Meet the Author

John Charles Ryle (1816-1900) was the first Anglican bishop of Liverpool. Ryle was born at Macclesfield, and was educated at Eton and at Christ Church, Oxford, where he was Craven Scholar in 1836. After holding a curacy at Exbury in Hampshire, he became rector of St Thomas's, Winchester (1843), rector of Helmingham, Suffolk (1844), vicar of Stradbroke (1861), honorary canon of Norwich (1872), and dean of Salisbury (1880). However before taking the latter office, he was advanced to the new see of Liverpool, where he remained until his resignation, which took place three months before his death at Lowestoft. His appointment to Liverpool was at the recommendation of the outgoing Prime Minister Benjamin Disraeli. Ryle was a strong supporter of the evangelical school and a critic of Ritualism. He was a writer, pastor and an evangelical preacher. Among his longer works are Christian Leaders of the Eighteenth Century (1869), Expository Thoughts on the Gospels (7 vols, 1856-69), Principles for Churchmen (1884). Ryle was an athlete who rowed and played Cricket for Oxford, where he took a first class degree in Greats and was offered a college fellowship (teaching position) which he declined. The son of a wealthy banker, he was destined for a career in politics before choosing a path of ordained ministry. While hearing Ephesians 2 read in church in 1838, he felt a spiritual awakening and was ordained by Bishop Sumner at Winchester in 1842. For 38 years he was a parish vicar, first at Helmingham and later at Stradbrooke, in Suffolk. He became a leader of the evangelical party in the Church of England and was noted for his doctrinal essays and polemical writings. In 1880, at age 64, he became the first bishop of Liverpool, at the recommendation of Prime Minister Benjamin Disraeli. He retired in 1900 at age 83 and died later the same year. He is buried in the All Saints' Church, Childwall, Liverpool. In his diocese, he formed a clergy pension fund for his diocese and built over forty churches. Controversially, he emphasized raising clergy salaries ahead of building a cathedral for his new diocese. Ryle was described as having a commanding presence and vigorous in advocating his principles albeit with a warm disposition. He was also credited with having success in evangelizing the blue collar community.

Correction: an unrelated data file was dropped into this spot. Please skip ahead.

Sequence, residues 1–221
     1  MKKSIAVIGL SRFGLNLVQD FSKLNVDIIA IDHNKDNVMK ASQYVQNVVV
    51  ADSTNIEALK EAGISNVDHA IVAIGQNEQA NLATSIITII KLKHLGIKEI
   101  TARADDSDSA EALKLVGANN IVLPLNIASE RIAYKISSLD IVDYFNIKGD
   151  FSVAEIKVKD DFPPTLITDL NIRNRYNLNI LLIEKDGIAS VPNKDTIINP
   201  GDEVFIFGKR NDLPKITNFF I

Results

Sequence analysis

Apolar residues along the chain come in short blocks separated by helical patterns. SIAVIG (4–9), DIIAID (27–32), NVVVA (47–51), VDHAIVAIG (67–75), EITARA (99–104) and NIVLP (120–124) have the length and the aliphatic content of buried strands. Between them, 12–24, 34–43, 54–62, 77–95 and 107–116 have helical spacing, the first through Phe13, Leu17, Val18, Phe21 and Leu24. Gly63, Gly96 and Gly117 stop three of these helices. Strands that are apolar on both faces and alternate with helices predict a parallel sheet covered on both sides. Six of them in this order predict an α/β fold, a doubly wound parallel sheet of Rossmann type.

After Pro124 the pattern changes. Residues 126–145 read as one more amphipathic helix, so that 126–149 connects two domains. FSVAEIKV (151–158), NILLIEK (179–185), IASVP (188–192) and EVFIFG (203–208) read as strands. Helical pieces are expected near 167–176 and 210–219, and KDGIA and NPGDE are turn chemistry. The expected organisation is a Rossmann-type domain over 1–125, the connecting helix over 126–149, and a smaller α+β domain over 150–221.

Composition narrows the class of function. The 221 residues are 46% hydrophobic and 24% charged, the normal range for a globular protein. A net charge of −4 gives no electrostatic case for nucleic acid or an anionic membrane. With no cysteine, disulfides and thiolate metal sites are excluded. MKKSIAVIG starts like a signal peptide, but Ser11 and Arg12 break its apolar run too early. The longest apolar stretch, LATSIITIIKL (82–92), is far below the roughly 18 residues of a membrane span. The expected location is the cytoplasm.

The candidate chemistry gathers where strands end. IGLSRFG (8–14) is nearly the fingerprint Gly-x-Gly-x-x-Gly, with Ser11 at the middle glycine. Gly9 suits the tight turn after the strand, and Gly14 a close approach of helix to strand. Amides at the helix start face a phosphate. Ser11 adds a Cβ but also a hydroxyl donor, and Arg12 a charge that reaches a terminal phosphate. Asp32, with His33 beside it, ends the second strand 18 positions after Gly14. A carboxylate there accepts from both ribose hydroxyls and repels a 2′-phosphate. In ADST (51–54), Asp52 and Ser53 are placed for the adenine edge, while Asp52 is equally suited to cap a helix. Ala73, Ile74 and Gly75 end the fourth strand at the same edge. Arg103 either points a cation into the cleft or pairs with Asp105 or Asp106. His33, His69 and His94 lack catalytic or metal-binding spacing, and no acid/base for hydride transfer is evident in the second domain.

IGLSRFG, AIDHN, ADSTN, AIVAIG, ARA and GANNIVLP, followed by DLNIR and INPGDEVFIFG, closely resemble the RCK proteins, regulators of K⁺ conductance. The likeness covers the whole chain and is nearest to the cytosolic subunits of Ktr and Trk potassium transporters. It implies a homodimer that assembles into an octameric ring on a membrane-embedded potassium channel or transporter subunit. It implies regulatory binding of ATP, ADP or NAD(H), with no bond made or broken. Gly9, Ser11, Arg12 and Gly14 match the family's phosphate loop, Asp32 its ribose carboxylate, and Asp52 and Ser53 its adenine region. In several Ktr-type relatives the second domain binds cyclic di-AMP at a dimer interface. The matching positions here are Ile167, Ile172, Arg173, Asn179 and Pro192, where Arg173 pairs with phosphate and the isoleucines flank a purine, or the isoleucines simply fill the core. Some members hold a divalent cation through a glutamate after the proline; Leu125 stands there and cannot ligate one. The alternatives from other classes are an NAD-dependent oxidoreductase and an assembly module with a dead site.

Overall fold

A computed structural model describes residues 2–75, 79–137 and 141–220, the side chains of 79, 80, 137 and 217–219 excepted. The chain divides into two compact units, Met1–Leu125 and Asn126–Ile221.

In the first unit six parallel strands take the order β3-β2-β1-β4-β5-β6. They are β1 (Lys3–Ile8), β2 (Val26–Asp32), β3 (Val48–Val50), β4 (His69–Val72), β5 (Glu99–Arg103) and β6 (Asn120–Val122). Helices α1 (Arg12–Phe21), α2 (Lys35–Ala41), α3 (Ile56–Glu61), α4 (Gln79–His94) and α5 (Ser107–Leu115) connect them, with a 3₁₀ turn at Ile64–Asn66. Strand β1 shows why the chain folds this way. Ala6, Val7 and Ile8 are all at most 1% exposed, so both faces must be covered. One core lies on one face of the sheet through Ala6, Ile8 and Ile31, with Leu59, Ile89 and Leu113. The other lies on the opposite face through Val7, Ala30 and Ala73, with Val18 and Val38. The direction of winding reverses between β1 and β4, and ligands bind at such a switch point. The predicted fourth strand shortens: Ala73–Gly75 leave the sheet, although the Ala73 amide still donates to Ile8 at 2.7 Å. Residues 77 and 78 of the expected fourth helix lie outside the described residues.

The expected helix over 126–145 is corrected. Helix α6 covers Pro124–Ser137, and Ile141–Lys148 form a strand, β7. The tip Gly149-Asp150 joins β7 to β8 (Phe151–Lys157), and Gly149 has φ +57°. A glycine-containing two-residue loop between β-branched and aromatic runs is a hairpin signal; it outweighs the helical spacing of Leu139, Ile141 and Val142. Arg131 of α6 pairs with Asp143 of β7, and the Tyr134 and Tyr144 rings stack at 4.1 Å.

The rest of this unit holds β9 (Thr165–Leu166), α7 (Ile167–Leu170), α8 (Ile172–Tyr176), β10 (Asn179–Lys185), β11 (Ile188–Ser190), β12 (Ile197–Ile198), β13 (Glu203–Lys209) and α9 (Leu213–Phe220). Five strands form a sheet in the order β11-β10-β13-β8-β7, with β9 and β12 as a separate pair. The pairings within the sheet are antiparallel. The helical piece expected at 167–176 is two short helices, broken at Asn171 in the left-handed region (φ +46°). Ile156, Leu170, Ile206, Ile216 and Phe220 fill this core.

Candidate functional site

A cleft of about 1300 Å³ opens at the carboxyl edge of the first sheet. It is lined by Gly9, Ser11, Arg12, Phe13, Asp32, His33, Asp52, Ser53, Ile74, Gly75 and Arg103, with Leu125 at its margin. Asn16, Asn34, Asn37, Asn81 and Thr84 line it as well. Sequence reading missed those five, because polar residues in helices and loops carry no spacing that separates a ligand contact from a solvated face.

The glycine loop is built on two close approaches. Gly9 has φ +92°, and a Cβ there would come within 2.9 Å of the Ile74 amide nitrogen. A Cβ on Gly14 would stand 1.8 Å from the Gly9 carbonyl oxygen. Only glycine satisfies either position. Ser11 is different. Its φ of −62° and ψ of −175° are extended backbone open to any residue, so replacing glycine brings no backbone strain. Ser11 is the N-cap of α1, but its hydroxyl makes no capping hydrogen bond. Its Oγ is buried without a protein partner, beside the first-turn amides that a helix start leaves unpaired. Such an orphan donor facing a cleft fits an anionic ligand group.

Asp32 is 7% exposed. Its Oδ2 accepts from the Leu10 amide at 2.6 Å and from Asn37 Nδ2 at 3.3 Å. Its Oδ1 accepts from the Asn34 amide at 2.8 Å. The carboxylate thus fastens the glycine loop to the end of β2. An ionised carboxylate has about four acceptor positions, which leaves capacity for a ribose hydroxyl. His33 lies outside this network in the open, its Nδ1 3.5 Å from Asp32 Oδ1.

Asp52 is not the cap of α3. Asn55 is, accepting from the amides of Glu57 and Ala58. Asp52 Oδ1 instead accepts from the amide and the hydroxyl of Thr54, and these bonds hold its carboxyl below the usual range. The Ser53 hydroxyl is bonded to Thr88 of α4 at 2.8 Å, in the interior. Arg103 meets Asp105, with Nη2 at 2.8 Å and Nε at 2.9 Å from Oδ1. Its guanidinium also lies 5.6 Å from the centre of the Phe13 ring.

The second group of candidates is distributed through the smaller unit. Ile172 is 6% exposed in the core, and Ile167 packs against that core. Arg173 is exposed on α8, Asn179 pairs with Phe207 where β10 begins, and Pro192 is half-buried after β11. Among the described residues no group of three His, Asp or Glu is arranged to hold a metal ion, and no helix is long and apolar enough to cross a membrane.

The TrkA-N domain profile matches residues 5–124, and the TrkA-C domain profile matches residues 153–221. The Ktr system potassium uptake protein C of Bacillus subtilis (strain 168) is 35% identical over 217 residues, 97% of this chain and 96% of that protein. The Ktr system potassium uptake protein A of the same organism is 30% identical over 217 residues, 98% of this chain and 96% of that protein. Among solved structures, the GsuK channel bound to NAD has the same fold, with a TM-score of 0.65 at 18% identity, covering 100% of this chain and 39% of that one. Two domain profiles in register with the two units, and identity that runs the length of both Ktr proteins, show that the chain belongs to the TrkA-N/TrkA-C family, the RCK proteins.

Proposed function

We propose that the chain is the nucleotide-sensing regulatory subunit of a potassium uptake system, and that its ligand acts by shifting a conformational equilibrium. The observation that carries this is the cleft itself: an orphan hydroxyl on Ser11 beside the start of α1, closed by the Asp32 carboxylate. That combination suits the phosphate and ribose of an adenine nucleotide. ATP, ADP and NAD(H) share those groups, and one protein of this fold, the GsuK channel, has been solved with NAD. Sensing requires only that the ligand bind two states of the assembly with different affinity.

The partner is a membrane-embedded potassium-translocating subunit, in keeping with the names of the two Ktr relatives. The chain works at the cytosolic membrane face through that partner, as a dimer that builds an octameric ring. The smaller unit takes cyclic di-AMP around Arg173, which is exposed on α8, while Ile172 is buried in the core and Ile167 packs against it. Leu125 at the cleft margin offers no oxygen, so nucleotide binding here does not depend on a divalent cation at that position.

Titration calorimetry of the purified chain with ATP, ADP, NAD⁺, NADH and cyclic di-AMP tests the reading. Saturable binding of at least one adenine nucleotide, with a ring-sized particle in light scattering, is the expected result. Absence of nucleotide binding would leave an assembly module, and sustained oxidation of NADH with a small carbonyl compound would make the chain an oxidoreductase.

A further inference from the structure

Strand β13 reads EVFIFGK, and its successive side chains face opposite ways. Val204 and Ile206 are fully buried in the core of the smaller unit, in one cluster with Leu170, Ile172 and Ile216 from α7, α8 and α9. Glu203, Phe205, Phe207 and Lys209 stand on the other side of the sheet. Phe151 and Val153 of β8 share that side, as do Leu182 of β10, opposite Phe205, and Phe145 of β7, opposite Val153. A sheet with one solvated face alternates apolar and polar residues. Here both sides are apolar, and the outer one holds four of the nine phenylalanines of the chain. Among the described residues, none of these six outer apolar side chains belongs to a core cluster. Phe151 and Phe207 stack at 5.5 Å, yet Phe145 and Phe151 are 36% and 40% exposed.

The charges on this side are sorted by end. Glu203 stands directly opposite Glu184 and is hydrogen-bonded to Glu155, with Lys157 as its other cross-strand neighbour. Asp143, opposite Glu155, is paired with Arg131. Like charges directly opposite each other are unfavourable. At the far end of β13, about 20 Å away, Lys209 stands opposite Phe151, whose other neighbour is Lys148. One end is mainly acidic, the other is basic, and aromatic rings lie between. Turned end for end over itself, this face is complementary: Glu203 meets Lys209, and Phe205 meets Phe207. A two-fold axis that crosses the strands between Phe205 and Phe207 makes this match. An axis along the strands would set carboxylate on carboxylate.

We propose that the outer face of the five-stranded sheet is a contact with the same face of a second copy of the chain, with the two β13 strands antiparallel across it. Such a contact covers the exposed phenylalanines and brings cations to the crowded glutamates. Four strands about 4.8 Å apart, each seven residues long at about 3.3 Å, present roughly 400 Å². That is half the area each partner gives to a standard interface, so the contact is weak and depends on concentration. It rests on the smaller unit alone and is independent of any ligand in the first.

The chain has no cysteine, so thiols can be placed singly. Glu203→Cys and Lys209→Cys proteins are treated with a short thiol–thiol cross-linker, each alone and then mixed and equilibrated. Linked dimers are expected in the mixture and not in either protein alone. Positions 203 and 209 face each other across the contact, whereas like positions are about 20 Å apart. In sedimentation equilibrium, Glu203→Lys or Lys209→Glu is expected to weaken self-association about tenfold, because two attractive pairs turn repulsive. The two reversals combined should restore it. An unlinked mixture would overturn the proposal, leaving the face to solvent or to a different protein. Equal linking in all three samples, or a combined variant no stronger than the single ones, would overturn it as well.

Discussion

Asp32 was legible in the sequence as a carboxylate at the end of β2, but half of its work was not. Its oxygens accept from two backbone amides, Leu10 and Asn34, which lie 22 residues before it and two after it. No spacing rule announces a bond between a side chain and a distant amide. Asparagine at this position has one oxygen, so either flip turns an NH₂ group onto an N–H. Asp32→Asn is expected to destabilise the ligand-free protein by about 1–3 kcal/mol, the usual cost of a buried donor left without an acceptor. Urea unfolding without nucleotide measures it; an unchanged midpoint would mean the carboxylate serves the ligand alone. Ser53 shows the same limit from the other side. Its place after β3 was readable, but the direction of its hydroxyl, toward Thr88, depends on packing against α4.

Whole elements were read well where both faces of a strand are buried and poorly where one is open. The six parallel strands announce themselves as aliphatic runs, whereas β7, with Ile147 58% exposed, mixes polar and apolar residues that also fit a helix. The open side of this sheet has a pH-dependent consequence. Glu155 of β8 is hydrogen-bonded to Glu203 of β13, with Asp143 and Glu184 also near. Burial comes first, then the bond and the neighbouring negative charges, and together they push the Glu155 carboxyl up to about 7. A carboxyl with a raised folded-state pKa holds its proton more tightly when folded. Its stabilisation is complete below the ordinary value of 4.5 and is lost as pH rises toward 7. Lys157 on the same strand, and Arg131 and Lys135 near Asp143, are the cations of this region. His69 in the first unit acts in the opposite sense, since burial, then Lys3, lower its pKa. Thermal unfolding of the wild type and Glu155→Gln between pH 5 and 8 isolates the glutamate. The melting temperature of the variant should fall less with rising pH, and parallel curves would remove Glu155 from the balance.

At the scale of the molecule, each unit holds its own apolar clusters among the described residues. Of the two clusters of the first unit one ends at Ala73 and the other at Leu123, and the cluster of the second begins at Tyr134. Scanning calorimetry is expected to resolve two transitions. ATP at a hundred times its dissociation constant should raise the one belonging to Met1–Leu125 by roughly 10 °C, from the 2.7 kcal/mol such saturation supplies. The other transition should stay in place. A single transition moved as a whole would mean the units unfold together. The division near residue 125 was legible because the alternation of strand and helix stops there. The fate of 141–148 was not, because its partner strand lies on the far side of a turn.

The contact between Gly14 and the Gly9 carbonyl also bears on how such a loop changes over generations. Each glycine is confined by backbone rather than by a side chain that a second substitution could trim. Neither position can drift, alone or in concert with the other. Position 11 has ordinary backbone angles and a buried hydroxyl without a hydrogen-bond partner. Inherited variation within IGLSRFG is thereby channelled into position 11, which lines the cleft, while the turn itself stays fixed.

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  • Anonymous

    Posted December 25, 2012

    Decent book terrible scan full of typos and unreadable words

    Every page has multiple mistakes which often make words unreadable making it hard to read. You often have to guess words sometimes it is possible to guess but many times found i had no idea what the word was supposed to be which is frustrating as like most scanned books on nook nobody has bothered to proof read or spellcheck it. Its full of mistakes in most paragraphs.

    1 out of 1 people found this review helpful.

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    Posted June 19, 2011